Diabetes Awareness Month: Diabetes and Diabetes-related Vision Loss.

Taking blood glucose meters to monitor Diabetes independently Aging with vision lossAccording to the American Diabetes Association, 9 percent of individuals with diabetes over the age of 45, have some degree of diabetes-related vision loss. This percentage increases for those that have had diabetes for longer than ten years.

The Aging with Vision Loss (AVL) program introduces individuals with vision loss and diabetes, to the use of adaptive diabetic equipment (ADE) and training. The ADE training includes the use of devices such as talking glucose meters, insulin pens, and single-use, disposable lancets, along with adaptive techniques to enable the individual to continue testing independently.

AVL Instructors will inform and demonstrate the adaptive diabetic equipment and assist with requesting adaptive diabetic equipment devices from physicians. Unfortunately, many health care professionals are unaware of ADE options. Often, individuals with vision loss leave their doctor’s office with a standard glucose meter which is not accessible to a person who can no longer see the results on the tiny screen. Therefore, if needed the instructor will inform the individual of available adaptive diabetic equipment options, how to request them from their doctor, and will assist the individual to advocate for what they need. If an individual has difficulty with their health insurance covering the cost of the devices, the Instructor will provide resources that will assist in funding the adaptive diabetic equipment supplies.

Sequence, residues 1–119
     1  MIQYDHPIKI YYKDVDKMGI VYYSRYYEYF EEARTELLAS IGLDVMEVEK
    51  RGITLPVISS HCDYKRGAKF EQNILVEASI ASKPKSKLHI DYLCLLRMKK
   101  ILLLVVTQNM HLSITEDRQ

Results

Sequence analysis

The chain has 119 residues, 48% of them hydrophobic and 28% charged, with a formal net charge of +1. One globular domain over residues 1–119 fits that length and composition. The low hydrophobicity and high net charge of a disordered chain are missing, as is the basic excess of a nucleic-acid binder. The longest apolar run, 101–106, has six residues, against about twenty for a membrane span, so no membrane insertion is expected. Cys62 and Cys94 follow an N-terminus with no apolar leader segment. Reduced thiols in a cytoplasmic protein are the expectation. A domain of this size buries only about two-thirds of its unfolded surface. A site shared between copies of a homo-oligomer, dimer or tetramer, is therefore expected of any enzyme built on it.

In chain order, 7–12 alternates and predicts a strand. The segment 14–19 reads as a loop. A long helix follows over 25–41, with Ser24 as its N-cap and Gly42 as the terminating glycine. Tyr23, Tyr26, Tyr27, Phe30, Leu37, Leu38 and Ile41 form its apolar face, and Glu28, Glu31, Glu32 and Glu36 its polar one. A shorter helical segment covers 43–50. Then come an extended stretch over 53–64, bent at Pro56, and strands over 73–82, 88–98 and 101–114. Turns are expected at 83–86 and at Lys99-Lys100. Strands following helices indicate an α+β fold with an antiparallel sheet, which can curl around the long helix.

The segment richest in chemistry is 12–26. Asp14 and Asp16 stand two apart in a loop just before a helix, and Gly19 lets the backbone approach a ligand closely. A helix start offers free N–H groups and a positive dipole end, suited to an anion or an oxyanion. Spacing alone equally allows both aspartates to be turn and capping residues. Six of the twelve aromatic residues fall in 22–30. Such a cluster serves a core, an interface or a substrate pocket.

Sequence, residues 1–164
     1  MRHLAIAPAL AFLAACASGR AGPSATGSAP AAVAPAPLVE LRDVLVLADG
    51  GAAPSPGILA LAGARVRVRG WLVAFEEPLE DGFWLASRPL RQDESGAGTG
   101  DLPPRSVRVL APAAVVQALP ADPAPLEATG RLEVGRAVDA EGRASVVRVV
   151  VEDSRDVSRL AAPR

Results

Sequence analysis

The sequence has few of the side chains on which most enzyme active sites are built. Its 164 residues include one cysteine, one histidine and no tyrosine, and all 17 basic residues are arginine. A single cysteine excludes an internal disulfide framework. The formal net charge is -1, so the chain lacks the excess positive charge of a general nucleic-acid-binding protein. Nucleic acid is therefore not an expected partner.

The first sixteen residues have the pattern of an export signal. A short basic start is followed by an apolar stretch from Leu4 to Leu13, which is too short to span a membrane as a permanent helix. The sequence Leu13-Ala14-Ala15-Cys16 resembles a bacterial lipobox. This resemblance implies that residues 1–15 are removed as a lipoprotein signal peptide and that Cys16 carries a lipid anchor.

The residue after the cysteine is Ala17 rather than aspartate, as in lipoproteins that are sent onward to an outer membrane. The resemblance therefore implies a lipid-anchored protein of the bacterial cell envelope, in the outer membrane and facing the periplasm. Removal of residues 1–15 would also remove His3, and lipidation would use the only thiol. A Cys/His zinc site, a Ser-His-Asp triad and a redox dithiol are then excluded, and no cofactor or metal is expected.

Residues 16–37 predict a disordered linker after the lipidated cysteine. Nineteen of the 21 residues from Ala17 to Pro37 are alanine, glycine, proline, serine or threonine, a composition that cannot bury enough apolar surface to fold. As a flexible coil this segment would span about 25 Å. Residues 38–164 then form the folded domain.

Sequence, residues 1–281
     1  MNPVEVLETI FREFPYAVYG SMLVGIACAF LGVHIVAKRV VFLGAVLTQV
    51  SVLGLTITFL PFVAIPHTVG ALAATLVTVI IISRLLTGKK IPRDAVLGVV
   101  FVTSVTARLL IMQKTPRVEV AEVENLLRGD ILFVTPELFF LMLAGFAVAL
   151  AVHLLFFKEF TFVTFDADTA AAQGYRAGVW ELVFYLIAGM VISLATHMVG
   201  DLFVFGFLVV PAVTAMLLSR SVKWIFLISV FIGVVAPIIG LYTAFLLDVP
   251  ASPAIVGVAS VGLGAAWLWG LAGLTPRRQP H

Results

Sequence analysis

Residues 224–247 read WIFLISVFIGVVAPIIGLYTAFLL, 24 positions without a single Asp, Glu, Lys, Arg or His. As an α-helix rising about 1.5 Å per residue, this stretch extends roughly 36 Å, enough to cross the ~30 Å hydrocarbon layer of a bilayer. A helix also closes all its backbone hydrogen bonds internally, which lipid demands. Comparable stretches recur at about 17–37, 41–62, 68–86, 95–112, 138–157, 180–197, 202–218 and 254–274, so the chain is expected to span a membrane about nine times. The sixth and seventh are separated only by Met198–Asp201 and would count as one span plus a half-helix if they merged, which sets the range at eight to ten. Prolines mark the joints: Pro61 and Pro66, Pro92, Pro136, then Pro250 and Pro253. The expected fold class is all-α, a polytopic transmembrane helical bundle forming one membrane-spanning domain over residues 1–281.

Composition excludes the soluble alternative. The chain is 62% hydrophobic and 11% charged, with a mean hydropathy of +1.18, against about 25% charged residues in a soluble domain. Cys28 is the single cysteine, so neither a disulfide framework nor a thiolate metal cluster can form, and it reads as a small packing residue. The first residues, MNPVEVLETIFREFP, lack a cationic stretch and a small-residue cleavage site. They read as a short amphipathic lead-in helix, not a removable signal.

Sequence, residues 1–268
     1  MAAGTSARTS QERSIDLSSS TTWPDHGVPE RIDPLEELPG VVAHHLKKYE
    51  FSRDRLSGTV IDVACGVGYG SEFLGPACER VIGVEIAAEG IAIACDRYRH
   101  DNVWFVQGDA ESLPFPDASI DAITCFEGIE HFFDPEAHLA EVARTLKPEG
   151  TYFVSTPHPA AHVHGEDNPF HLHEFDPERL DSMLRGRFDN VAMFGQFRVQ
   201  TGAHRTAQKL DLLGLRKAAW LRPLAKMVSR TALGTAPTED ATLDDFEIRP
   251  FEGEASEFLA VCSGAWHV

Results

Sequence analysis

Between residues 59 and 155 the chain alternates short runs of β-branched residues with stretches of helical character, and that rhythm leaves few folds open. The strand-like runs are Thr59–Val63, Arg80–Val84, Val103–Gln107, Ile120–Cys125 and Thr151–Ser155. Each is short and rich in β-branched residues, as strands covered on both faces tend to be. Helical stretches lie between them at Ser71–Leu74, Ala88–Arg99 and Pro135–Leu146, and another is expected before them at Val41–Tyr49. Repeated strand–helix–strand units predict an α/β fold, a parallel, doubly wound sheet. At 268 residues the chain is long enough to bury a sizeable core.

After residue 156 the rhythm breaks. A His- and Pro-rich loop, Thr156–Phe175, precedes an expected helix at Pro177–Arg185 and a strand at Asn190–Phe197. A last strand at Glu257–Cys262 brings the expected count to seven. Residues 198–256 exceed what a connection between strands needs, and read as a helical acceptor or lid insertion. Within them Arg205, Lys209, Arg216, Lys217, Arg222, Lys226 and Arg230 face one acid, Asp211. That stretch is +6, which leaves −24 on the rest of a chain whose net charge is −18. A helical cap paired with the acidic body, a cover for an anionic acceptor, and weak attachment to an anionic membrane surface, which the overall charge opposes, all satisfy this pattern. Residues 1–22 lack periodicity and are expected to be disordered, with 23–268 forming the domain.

Living with vision loss is challenging but we’re here to help. The Dayle McIntosh Center’s Aging with Vision Loss Program provides free one-on-one services to seniors experiencing vision loss. Whether it’s using your microwave, organizing your pantry, or testing your blood glucose, our Instructors can assist you in achieving your goals for greater independence. If you or someone you know is Age 55 or older, lives in Orange or Los Angeles County, and is struggling with activities of daily living due to vision loss, please don’t hesitate to call us at (714) 621-3300. 

Article by, Socorro Arroyo-Merchain, Program Manager of DMC’s Aging with Vision Loss program.

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